When I was reading book five of In Search of Lost Time, I sat on the train beside a guy with an open laptop, who seemed to be taking up two seats. I moved into a window seat without really asking him to move, but he did and put the laptop more squarely on his lap and continued to work.  After a while he stopped and asked me if I was reading Proust.  He had just finished book five. He was reading it in French.  He was originally from Montreal and came to New York to advance his studies in neuroscience. He thought Proust's jealousy would make an interesting case study. We swapped some thoughts on Proust in a guarded conversation with extended silences. When we both got off at the same stop I said good bye. Though I thought about asking if he'd like to correspond further on Proust, I stayed silent and moved to the other side of the platform to await my train.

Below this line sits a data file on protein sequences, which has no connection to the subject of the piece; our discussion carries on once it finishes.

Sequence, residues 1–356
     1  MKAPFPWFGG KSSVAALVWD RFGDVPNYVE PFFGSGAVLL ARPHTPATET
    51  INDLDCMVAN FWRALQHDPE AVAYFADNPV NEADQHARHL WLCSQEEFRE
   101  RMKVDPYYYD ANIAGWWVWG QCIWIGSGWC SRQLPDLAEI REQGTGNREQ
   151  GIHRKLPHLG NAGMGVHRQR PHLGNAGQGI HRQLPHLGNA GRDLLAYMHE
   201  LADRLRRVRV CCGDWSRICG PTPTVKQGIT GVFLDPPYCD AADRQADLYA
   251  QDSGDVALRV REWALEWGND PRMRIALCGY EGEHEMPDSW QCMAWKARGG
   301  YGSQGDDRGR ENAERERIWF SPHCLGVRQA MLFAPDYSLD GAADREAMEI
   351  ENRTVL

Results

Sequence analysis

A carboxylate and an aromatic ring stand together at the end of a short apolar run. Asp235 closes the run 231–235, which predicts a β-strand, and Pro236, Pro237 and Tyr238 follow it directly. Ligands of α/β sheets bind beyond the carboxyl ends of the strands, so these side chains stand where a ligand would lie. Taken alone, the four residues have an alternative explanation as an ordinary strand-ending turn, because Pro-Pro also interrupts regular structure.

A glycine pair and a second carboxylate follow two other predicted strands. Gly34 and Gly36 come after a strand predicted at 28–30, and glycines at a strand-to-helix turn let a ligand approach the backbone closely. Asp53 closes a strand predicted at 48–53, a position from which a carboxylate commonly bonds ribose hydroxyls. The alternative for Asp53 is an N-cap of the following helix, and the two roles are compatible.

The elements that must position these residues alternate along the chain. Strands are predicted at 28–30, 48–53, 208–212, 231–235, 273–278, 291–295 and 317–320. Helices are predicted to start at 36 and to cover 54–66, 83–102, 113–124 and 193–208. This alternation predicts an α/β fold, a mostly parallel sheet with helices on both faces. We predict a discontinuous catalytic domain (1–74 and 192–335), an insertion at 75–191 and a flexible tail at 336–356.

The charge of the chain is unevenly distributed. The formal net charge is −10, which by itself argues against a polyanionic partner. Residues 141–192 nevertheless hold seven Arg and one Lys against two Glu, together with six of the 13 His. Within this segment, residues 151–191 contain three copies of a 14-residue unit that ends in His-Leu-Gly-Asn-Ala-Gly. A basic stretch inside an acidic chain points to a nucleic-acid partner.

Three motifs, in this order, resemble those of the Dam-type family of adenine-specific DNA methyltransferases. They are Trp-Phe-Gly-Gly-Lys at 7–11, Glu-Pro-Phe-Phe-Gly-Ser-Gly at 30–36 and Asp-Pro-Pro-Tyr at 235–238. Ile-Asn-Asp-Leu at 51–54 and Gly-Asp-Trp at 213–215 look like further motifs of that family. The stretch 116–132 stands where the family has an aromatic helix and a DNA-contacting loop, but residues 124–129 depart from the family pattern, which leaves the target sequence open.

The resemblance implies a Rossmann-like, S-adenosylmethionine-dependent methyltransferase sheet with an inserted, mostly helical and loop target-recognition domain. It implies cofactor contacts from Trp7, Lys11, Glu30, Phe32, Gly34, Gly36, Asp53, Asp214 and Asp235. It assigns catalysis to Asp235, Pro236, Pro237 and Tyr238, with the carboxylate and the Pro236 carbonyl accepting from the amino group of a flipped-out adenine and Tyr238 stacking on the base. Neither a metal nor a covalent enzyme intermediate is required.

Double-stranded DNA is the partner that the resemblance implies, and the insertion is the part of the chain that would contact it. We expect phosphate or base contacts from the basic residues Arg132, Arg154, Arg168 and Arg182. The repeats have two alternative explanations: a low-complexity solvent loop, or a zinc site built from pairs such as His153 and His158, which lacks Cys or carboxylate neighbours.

The guy at the barbecue place mentioned that he thought Murakami's work functioned entirely through coincidence.  That coincidence was the engine that made the various pieces of Murakami's world work.  I agreed that coincidence was a strong feature in the works I had read of Murakami, but I also mentioned something about the space of the personal, which may have come out as a remark about personal space and may explain why he stopped talking to me, but what I meant was that Murakami's works all explore forms of the uncanny by way of interiority, the collapse of shared meaning in symbols or historical moments remade so they become unique and temporarily personal, the way a good daydream can pry a moment free from the grind. I recall an interview with Murakami where he states the Japanese word for different is the same as the word for wrong and his project seems to be finding the space for difference within contemporary Japan.